I have been interested in portraiture since I was in grade four when I amazed my teachers drawing a perfect likeness of one of students in a drawing class when the lesson was to draw a student who modeled for the class. Since then I have been interested in the human form being able to capture the “soul” of the sitter. This collection of portraits includes Bill Reid, who I visited his studio on Granville Island and I asked him if I could paint his portrait. He mumbled something and he began assembling tools around and he posed for me right there in his studio. He had a brown sweater on so I took the chance and put him in a button blanket shawl typical of Haida ceremonial costumes.

Simon Charlie, the famous carver, was another story. I was visiting Duncan with my family and he had been there before and knew Simon Charlie to be a very accommodating man. So on a whim I visited his studio just after it had a fire in it. Simon posed for me on the old striped chair in front of the burned out studio. My six-year-old daughter was into whales at the time when she found a carved whale in the ashes and she asked Simon Charlie if she could keep it. Simon Charlie said it was one of his students carving and she could have it. In the painting I have returned the whale to Simon Charlie by painting it the painting in the shavings by his foot.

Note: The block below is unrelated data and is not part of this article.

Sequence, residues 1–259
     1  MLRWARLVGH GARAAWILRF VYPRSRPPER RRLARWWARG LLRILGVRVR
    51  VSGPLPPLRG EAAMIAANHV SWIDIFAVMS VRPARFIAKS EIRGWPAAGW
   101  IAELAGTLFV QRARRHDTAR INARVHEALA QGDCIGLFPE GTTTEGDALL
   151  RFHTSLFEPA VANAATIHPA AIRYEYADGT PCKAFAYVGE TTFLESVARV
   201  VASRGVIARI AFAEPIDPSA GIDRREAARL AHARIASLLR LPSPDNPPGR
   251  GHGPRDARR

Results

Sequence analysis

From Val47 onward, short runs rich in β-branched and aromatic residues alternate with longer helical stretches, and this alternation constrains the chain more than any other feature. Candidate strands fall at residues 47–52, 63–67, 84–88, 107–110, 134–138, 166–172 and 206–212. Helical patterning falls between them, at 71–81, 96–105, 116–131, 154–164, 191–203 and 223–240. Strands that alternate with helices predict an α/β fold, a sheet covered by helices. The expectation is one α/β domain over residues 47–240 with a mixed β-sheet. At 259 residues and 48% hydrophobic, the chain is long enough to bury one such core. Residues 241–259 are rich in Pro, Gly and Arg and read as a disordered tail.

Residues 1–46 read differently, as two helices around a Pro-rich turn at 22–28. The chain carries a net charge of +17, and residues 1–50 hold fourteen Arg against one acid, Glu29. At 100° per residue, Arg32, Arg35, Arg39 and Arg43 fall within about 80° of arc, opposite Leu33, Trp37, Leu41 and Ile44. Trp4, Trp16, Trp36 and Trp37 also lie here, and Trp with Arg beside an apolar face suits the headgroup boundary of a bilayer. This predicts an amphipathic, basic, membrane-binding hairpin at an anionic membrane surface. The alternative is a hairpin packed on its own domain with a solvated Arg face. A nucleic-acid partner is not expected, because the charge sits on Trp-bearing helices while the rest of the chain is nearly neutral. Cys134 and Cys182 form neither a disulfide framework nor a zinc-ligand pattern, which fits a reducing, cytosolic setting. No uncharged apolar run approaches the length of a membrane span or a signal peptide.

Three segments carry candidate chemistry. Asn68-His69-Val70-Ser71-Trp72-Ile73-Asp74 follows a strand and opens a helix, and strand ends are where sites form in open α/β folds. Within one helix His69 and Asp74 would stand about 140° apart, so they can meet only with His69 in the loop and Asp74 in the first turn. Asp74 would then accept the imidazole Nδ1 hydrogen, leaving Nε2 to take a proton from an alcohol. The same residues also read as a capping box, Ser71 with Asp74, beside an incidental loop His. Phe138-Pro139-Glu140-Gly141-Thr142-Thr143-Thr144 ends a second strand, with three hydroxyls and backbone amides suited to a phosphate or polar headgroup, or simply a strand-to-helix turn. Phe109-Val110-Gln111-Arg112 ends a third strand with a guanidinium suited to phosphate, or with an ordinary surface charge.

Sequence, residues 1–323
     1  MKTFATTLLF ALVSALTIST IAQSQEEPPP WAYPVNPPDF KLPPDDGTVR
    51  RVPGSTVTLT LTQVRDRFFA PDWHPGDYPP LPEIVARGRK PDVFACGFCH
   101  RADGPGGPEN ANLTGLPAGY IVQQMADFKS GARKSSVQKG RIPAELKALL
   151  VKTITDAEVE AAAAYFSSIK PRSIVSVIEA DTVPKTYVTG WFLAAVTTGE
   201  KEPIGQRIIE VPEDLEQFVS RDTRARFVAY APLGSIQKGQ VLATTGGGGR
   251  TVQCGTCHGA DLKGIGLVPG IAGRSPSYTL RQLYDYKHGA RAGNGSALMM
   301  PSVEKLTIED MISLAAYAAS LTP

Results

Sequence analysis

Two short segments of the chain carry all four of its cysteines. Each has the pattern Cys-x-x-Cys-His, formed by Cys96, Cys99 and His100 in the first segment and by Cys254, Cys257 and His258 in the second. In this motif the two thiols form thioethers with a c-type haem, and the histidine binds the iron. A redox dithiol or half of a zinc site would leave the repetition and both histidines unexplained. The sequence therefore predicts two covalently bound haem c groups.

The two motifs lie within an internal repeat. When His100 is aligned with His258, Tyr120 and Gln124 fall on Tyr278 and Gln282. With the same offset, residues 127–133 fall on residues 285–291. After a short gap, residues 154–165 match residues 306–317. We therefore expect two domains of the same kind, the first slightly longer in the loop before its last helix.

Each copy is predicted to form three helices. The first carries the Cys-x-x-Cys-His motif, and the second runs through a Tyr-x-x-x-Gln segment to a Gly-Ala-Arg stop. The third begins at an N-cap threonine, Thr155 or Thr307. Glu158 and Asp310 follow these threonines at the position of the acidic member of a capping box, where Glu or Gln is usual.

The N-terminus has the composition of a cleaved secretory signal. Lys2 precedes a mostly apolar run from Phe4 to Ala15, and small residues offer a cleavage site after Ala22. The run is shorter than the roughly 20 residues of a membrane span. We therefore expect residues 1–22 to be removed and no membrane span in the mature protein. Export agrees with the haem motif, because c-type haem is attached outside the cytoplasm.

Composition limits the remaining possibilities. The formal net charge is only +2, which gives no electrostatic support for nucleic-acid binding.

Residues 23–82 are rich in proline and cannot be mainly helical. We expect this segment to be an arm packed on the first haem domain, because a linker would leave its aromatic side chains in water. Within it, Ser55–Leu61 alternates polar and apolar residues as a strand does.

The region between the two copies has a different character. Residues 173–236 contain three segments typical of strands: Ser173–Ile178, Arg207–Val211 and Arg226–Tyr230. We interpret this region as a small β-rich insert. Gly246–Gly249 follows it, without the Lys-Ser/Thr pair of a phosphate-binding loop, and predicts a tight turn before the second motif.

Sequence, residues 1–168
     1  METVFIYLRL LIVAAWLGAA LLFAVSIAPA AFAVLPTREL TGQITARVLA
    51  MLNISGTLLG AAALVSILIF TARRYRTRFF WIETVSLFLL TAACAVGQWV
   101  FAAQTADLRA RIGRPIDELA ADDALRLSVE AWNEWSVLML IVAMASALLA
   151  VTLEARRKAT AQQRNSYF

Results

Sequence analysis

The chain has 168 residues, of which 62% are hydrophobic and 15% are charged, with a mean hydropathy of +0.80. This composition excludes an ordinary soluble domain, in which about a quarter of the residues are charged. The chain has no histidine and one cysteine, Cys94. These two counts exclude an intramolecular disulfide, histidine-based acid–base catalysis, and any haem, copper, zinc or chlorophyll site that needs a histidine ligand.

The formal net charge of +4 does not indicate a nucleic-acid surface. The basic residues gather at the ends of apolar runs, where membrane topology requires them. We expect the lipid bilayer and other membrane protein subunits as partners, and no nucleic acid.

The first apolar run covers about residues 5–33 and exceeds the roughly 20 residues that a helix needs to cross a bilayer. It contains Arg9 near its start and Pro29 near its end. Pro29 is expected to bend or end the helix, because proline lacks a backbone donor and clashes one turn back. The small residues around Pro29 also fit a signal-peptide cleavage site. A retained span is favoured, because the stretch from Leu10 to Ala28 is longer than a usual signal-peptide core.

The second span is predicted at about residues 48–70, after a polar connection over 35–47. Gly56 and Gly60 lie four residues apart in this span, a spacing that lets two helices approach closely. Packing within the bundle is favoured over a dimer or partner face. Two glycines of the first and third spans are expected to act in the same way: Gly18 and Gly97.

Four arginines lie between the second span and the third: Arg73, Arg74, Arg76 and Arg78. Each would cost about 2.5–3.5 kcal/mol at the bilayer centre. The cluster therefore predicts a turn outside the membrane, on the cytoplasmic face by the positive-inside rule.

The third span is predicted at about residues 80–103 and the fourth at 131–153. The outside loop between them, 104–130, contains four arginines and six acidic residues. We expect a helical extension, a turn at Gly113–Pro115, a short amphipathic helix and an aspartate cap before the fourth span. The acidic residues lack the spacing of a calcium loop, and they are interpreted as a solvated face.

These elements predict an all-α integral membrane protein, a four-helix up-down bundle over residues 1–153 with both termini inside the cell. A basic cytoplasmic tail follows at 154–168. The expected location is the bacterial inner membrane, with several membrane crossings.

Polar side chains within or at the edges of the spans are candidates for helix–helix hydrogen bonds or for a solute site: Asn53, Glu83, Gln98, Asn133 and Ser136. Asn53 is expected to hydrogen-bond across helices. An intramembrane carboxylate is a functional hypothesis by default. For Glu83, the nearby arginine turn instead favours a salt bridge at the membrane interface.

Mrs. Simpson came from a very historical family. Fort Simpson was named after her family and the city Yale on the Fraser River was named after her husband’s family as well. The other portraits are all carefully crafted with attention to detail. They are realistic and capture the essence of the sitter.